After years of development, a local startup’s drone-powered transmission line maintenance device has taken flight.
Linebird formally launched its Osprey Nonconductive Payload System this week.
The aerial drone attachment allows a remote user to conduct maintenance and monitoring of live electrical transmission lines. The system features the same tools a human lineman would use, but modified to be affixed to a drone.
The company pitches its product as a safer, less expensive alternative to line work done by people in helicopters or bucket trucks.
CEO and founder Michael Beiro said the systems are priced in the “low five figures,” and costs can vary based on the individual needs of a company or the drone it uses. The system is compatible with several drone models but can be tweaked to work with additional models.
“The cost to make this is pretty high and it’s not a one size fits all,” he said.
In this first round of sales, Linebird aims to crack $1 million in revenue, which would in part go toward expanding the company’s employee base and further product development. The plan is to offer a wider range of hardware and software for the system over time.
Linebird collected $125,000 in a pre-seed funding round from Washington-based SensorLink Corp. and CIT GAP Funds earlier this year to power the rollout of the system. The funds are expected to last through the end of the year. The company has raised about $165,000 to date.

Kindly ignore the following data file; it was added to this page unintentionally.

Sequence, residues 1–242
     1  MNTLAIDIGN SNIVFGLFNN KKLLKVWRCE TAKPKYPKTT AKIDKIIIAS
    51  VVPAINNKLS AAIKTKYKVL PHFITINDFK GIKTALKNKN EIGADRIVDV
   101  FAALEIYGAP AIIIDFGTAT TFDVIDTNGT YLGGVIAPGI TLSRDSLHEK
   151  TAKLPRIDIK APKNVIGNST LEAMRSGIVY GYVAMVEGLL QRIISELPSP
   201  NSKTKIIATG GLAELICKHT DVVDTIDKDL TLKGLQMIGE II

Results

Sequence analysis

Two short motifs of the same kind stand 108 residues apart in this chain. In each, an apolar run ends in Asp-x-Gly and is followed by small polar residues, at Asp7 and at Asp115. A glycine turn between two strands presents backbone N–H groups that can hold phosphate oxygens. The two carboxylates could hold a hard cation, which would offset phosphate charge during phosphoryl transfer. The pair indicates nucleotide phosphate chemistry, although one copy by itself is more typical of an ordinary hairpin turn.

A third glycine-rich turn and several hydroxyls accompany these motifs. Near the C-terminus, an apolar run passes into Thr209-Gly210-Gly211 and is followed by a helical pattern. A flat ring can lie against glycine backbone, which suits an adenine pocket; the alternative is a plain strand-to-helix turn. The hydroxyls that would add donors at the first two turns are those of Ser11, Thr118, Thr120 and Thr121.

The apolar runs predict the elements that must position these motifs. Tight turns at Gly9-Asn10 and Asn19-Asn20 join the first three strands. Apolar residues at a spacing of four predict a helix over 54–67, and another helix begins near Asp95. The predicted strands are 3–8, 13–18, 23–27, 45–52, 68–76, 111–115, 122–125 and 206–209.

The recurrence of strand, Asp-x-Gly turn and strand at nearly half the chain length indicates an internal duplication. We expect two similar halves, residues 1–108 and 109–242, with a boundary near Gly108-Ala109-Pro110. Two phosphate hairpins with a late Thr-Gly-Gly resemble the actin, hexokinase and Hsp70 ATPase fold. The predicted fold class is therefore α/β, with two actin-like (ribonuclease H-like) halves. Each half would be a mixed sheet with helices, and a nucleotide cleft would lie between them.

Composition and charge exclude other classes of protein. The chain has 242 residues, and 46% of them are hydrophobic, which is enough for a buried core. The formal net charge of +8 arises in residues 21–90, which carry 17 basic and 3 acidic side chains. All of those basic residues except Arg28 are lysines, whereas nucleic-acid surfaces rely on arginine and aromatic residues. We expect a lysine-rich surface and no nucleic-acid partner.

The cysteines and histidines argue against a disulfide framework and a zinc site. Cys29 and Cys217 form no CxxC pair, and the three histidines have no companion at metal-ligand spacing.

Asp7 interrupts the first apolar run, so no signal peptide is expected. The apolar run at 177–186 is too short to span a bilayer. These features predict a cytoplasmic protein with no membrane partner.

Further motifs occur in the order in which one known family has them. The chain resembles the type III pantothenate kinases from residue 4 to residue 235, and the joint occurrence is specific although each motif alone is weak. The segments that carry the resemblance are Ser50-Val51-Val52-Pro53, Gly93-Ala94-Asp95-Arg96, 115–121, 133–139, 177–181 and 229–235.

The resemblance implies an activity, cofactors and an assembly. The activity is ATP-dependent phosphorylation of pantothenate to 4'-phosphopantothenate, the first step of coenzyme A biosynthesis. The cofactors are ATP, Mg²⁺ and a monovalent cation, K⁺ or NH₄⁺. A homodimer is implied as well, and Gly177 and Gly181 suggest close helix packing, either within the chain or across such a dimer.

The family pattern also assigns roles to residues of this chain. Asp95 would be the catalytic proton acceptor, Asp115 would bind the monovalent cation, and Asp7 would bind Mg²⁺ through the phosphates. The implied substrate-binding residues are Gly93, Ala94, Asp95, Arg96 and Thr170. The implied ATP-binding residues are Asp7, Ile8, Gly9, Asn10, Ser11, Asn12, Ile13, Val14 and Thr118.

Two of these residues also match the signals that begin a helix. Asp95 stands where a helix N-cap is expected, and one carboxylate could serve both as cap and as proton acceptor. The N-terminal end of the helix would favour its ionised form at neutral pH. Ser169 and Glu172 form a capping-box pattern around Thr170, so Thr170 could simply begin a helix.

The company doesn’t build or sell drones itself. It trains users on how to use the system and that service is built into the price of the system.
Linebird traces its origin to a student project Beiro completed while getting his mechanical engineering degree at VCU. Alumni mentors connected Beiro with people in the industry who clued him in to the demand for drone technology catered toward transmission line upkeep.
The company, which was founded in 2018, has a four-person team and operates primarily out of Ashland-based co-working space Dominion Energy Innovation Center. It also has office space in Startup Virginia, an incubator in Shockoe Bottom. Beiro said the Ashland location gives the company more room to test fly drones in surrounding Hanover County.
“Downtown Richmond isn’t the best place to fly drones or put things over other people’s heads,” he said.
The company also participated in the Dominion center’s first accelerator cohort last year.